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Straddle Carrier

The straddle carrier is a mobile on-site equipment that comes in various sizes and functions similarly to a gantry crane by lifting containers from the top. Although it can move shipping containers with ease, its size, and weight require a reinforced concrete surface for operation.

For those dealing with low to medium container volumes, smaller versions of straddle carriers, known as "mini straddles," are available for use in import and export activities and container depots.


  • Their speed and mobility on-site
  • Their ability to stack containers.


  • They come at a high cost of over $250,000
  • Can only be used on a single site with a reinforced concrete surface.

Container jacks are often the best alternative to a straddle carrier.

Container gantry crane rubber types

Gantry Crane

The gantry crane is a massive crane situated at the dockside, used for lifting containers from ships. While they have the capability to move up and down a dock, they are generally stationary, and their cost can run into the millions, making them unfeasible for most operators.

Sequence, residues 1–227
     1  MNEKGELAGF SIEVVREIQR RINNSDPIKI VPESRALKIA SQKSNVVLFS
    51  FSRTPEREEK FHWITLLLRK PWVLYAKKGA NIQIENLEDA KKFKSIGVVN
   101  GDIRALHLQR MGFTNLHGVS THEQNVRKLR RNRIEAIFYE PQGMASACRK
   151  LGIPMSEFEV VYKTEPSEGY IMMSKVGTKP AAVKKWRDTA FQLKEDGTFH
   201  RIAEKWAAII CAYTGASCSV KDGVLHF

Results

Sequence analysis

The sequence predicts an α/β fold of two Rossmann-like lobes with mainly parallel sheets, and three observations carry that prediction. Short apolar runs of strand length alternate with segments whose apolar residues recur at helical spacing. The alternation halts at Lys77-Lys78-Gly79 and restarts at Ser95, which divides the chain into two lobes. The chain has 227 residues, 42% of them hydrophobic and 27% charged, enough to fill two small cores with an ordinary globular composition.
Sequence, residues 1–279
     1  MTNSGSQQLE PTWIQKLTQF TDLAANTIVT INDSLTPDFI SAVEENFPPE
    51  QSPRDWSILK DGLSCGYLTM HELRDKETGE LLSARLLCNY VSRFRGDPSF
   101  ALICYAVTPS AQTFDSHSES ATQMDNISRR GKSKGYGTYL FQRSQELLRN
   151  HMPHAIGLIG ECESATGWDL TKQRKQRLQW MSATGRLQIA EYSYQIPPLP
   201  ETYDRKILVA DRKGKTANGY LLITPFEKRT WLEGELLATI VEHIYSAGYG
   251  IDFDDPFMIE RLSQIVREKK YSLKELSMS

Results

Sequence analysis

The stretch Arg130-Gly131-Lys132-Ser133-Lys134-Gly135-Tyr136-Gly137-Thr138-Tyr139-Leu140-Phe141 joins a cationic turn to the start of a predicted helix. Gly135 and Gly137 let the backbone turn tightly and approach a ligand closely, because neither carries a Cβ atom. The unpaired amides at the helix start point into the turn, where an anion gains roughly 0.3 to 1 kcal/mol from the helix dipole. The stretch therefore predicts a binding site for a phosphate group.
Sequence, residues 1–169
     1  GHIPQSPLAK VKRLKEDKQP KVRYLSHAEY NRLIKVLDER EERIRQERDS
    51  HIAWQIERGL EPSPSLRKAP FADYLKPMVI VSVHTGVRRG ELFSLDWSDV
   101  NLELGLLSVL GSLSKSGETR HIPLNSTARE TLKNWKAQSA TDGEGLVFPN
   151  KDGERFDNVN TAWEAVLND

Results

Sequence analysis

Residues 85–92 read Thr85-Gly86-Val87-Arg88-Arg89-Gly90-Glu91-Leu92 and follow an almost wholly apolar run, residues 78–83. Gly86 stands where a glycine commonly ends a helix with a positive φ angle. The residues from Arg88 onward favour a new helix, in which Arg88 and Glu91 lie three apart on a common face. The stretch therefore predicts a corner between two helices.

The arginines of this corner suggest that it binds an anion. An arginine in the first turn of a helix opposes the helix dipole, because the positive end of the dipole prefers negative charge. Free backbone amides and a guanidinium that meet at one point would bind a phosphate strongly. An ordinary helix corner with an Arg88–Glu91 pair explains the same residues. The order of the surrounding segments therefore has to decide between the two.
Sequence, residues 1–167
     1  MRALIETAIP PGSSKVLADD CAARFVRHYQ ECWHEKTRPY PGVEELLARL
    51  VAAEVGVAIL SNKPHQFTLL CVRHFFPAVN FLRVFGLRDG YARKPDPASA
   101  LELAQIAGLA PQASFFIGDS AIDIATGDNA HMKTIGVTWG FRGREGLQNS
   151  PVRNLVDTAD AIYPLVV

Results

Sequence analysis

Though gantry cranes are widely used in ports, smaller versions of rail-mounted or rubber tire gantry cranes are available. These can be used to lift, move and stack shipping containers in container depots and other medium-to-high volume locations.


  • Their speed and efficiency in port operations where there is high container turnover


  • The high cost of installation and maintenance limits their use to a single site.

Reach Stacker

The reach stacker is a speedy and efficient option for container handling, with the capability to lift very heavy containers. It can move individual containers around on-site and transfer them between the ground, stack, rail wagons, and chassis. Some models can stack up to 2-3 containers high and deep.